Your child’s pencil grip might seem like a silly thing to worry about.
As long as they get the words on the page, does it really matter?
Actually, yes… handwriting does make a big difference, not only to your child’s learning, but also to their ability to ‘show what they know’ at school.
Kids First’s occupational therapists explain why your child’s pencil grip and handwriting are important to their academic success.
Good handwriting and the ability to write easily is still as important as it ever was, if not more so.
Not every job involves sitting behind a computer for most of the day, and even jobs that do may involve the need to communicate through pen and paper, take notes, or use handwriting once in a while.
Not only that, handwriting is a critical literacy skill that will shape the way your child interacts with the written word.
It’s critical that your child learn to grip their pencil properly when they’re young in order to improve their speed and legibility later.
If your child doesn’t learn appropriate pencil grip between the ages of four and six, they’ll find it much more difficult to correct the habit later.
Poor pencil grip can also lead to:
Correcting your child’s pencil grip when they are young is the best way to successfully give them the tools they will need to succeed in later grades.
From the age of four, it’s important that you start working with your child on how to grip a pencil correctly.
It doesn’t have to start with letters: tracing shapes, drawing simple pictures, and even colouring in are all important facets of learning proper handwriting.
Using appropriate pencil grip during these activities will help prepare your child for later writing success.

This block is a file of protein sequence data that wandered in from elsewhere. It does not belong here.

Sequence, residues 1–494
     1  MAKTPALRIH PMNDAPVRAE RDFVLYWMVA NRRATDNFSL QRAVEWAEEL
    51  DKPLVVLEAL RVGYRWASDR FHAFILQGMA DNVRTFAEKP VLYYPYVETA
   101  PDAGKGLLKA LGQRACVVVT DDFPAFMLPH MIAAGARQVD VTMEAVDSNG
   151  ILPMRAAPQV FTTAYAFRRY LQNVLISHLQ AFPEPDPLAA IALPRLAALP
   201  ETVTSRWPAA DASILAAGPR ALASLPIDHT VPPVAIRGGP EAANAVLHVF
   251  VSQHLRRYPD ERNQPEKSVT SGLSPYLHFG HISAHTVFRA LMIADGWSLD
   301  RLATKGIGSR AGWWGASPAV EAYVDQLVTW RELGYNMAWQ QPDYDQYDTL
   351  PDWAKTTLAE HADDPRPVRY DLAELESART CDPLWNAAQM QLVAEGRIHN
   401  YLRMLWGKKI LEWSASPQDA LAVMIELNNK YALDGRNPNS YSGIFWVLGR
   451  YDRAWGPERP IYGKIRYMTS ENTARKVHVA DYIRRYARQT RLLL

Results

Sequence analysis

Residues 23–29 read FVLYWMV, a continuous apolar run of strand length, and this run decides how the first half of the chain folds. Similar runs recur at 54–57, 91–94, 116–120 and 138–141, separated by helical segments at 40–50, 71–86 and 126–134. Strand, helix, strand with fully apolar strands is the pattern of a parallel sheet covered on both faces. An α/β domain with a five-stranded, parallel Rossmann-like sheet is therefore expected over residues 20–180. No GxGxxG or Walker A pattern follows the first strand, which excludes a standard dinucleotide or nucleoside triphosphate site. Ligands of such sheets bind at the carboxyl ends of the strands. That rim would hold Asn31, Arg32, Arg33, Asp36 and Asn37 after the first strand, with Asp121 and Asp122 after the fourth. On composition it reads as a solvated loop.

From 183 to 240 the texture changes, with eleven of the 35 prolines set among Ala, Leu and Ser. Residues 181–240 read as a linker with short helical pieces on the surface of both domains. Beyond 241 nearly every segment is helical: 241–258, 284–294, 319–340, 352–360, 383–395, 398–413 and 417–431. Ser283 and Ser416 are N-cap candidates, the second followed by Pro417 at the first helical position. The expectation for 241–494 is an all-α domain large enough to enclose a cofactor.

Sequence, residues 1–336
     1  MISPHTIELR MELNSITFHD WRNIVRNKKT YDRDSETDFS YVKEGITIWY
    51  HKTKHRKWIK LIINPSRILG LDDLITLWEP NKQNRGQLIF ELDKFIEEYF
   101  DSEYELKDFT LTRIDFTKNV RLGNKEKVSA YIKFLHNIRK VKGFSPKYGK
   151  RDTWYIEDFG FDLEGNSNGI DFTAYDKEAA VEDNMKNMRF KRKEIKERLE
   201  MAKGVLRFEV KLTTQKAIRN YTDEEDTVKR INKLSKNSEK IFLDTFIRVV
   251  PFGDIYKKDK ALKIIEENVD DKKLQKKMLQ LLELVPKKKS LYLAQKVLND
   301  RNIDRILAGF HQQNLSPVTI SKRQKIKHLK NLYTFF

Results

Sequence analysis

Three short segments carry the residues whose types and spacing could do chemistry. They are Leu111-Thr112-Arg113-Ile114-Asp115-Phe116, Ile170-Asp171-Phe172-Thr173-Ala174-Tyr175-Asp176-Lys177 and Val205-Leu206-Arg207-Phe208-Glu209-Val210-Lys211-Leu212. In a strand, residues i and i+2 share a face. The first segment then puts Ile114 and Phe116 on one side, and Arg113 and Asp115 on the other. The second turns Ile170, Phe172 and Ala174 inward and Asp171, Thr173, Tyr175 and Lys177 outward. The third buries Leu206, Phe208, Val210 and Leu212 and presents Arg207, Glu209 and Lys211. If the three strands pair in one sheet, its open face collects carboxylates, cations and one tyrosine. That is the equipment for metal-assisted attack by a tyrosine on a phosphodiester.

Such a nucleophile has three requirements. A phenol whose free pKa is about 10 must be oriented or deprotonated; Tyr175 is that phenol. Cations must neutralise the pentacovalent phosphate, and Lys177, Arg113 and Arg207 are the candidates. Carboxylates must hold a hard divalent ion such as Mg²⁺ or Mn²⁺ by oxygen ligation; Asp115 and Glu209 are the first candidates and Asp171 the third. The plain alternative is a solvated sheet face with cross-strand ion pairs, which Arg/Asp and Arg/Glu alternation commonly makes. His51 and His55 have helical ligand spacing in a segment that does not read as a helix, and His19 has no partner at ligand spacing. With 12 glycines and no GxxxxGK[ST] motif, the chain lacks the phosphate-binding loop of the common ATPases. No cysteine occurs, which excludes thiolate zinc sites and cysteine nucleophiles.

The dynamic tripod grip, with the thumb, index, and middle fingers holding the pencil, is the most effective way to write quickly and easily.
This method allows your child to balance the pencil without putting undue strain on their joints.
It should be a relatively loose grip; if your child has a ‘death grip’ on the pencil, they’re going to put unnecessary tension on their hands and find it difficult to write quickly. .
If you’re working with your child at home on pencil grip, simply correcting them may not be enough.
Instead, it’s important to understand that writing is a fine motor skill. It requires a number of fine adjustments in order to shape letters correctly.
Neat handwriting with a correct pencil grip also requires a certain amount of hand strength.
Performing exercises that will allow your child to increase their strength, flexibility, and control will help them develop better overall handwriting skills.
These might include:
Adaptable finger grips may also help your child master an appropriate grip of their pencil by shaping the way it sits in their hand.
By utilizing a variety of tools, you can help make your child’s fine motor skills development and strength development come together more effectively.
An occupational therpapist can help you to determine which exercises and tools would be most helpful for your child.
Part of preparing your child for academic and professional success is making sure they know how to write easily and well.
If your child is struggling with handwriting or needs more help developing their pencil grip, contact us at Kids First!
We’ll help you with practical ideas to get your child’s handwriting on track.
© 2017 Kids First Children’s Services
Kids First’s highly experienced Occupational Therapists have helped hundreds of northern beaches kids to improve their handwriting, and they and they can help your child too.
Contact us on (02) 9938 5419 to chat about your child’s needs, or click on the image below to find out more about how Occupational Therapy can improve your child’s handwriting.
School Ready: get the guide for school readiness you've been looking for